As political leaders from multiple capitals work through the challenges facing Afghanistan, the country’s people continue to suffer devastating violence. Recently, twin blasts in Kabul killed 80 people and wounded over 200, with ISIS claiming credit for the violence targeting Hazara Shiites, gathered to protest a government power project. Key intersections that were meant to block the Hazara protestors from marching instead stymied ambulance efforts to quickly get to the dead and injured. Following one of the worst attacks to hit Kabul in years, there is increasing criticism of the Ghani-Abdullah government for failing to keep the capital city safe—not only from the Taliban, who today attacked a foreign hotel on the outskirts of Kabul with a truck carrying explosives, but also from emerging threats of ISIS and other groups. Civilian casualties have hit a record high in the first half of 2016; so far there have been 5,166 documented civilian casualties. One-third of that number is children.

The word “reconciliation” provokes miserable shrugs and deep sighs from American policymakers, who are not alone in their anxiety over how to resolve the enduring Taliban-led insurgency in Afghanistan. The Quadrilateral Coordination Group, which comprises Afghanistan, Pakistan, China, and the United States, met this past January to restart the dialogue process that had seemed hopeful in the summer of 2015—especially with the Afghan Taliban Supreme Leader Mullah Omar ostensibly supporting peace talks.  Talks abruptly collapsed when it became known Omar had actually died years ago, in 2013, in a Pakistani hospital.

Perhaps not as extreme, but there does exist a history of unsuccessful attempts at reconciling with the Taliban, dating back to its initial stages. Real credit must be given to the late Ambassador Richard Holbrooke for effectively socializing the term “reconciliation” to a resistant political leadership. Yet Holbrooke lacked the access and ability to make executive decisions, keeping the lid on his vision for a political settlement. Today, the United States along with other QCG members offer strong support for reconciliation. Pakistan, widely regarded as the actor closest to the Taliban, understands that failure of Taliban participation sparks heightened tensions, and Islamabad is often told to “do more” and be tougher on the recalcitrant insurgent. To that end, the country’s top soldier, General Raheel Sharif, visited Doha to personally make the case for Taliban participation in the peace talks. Getting all external actors on board was no easy feat and it’s taken over a decade for a QCG to come into existence. Yet there is little chance of the Afghan Taliban, who cite the removal of all foreign troops from Afghanistan as a prerequisite to talks, joining the conversation in the foreseeable future.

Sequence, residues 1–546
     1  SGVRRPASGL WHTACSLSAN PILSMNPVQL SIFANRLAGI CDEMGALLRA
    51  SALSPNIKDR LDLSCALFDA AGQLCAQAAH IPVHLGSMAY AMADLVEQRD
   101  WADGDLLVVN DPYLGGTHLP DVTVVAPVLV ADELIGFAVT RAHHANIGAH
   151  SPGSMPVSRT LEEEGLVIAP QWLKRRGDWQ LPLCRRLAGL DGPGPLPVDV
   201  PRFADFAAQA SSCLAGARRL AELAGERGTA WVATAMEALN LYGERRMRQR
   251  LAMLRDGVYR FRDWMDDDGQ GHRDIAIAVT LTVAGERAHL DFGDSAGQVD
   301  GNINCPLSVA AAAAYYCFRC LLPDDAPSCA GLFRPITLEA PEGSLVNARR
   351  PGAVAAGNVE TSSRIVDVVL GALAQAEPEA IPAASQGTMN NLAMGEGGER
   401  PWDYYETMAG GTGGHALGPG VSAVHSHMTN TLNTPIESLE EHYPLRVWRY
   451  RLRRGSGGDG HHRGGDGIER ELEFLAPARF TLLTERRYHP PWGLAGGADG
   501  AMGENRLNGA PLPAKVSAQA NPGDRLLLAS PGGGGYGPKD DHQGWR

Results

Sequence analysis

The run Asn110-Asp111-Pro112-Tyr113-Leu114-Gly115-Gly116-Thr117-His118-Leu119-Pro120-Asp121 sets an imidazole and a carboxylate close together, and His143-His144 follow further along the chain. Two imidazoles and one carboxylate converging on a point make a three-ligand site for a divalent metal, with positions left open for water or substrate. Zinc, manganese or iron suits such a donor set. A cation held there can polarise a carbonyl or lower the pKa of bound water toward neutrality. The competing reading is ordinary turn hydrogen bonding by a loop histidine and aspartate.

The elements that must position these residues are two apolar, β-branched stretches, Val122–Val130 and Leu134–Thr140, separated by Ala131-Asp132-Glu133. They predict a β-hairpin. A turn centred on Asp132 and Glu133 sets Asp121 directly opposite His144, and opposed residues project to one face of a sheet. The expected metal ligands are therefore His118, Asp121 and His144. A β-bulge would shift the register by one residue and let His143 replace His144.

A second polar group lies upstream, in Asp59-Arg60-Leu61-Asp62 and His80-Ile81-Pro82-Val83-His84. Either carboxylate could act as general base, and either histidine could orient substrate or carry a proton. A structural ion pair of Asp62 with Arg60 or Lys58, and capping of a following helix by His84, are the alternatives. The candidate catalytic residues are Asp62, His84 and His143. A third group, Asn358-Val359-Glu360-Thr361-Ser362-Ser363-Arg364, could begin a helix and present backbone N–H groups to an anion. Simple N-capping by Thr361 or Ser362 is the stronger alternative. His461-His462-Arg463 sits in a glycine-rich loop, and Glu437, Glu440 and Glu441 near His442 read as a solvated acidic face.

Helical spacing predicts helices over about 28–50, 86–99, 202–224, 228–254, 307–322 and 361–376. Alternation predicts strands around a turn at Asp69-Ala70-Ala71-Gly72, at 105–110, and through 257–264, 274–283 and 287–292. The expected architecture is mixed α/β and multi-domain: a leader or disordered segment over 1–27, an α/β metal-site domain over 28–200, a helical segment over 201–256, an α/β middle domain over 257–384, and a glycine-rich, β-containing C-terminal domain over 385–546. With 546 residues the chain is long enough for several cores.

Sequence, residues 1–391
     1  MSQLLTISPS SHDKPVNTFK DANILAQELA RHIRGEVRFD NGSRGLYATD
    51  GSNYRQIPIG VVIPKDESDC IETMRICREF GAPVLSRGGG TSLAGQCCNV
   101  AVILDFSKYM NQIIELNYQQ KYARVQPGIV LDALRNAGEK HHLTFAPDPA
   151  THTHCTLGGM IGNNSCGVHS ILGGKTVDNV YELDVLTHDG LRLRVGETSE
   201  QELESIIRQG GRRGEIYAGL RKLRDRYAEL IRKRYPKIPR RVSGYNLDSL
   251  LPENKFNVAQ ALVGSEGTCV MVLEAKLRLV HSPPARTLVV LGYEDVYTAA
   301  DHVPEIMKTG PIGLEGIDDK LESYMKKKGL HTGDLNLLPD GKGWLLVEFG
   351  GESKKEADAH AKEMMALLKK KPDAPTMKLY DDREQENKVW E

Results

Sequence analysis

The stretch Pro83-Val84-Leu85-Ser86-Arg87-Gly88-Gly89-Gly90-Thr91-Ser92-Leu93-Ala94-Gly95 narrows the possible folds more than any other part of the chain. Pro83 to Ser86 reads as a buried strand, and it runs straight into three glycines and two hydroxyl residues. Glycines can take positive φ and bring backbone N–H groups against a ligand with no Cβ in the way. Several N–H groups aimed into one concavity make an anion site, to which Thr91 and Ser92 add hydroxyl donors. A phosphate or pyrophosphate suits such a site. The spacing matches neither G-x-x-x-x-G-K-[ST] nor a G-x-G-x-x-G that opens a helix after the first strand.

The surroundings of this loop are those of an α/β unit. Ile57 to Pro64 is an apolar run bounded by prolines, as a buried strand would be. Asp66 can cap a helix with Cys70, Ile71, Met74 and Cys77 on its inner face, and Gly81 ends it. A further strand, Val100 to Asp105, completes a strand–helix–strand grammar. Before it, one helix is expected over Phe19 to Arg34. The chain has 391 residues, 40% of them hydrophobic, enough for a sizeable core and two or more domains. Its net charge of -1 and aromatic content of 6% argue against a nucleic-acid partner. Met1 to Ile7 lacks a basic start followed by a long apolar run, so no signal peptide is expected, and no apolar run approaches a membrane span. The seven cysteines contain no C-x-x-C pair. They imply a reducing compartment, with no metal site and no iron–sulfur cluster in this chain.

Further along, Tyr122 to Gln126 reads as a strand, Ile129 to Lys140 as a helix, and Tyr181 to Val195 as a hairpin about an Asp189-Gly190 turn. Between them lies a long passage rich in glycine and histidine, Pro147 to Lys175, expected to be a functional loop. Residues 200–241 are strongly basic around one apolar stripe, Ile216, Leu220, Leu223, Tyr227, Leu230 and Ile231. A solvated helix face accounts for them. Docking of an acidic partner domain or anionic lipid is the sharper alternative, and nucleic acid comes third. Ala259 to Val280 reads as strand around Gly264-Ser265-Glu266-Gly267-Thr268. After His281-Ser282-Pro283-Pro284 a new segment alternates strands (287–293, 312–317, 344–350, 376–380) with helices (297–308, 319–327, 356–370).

Meanwhile, increased military action is on the horizon. In the latest realization by a war weary commander-in-chief, President Barack Obama declared he will keep 8,400 troops in Afghanistan indefinitely. The Afghan war is back in an offensive phase and the United States has modified the plan to reduce American involvement. Previously, military planners coordinated strikes in instances of a direct threat to coalition or Afghan forces, but now that has broadened to assistance where Afghan forces can achieve a “strategic effect.” This sends a strong signal the United States will not drawdown as in the case of Iraq, and especially not with increased ISIS activity.

“The security situation in Afghanistan remains precarious. Even as they improve, Afghan security forces are still not as strong as they need to be,” said the President. American troops have a sizable task ahead: the Afghan security forces are not capable of thwarting Taliban attacks on the battlefield— soldiers have abandoned bases—and furthermore, rely on a government that itself stands on international funding. The Taliban, on the other hand, have various streams of revenue, and with recent victories like Kunduz, have momentum on their side.  For many policymakers, there is fear that disengagement with Afghanistan would lead to its collapse at the hands of a brutal regime, undoing American progress and harming global interests—like ISIS in post-engagement Iraq.

Although Afghan President Ashraf Ghani has welcomed the announcement of more American troops beyond 2016, Kabul is sorely lacking a political strategy.  For one, there seems to be little idea on what exactly the Ghani-Abdullah administration would be willing to negotiate with the Taliban to jumpstart negotiations. What role might the Taliban play in future government? Secondly, how would jurisdiction work in the parts of Afghanistan under de facto Taliban control? Counterinsurgency campaigns cannot be won without a strong and stable government, and Afghanistan’s unity government is fragile at best, especially leading up to the end of its power-sharing agreement.

Unfortunately, the anxiety and anger surrounding the efforts to stabilize Afghanistan seem nowhere near ending. The prospects for the QCG-backed talks look grim at this time, and the Afghan Taliban have shown no desire to engage. Amidst this dismal setting, groups such as ISIS and its affiliates have found an easy entrance to unleash more carnage. While the political negotiations and military strikes continue in tandem, the protection of civilians must remain the first priority.


Image 1: Wakil Kohsar-AFP, Getty

Image 2: Anadolu Agenty, Getty

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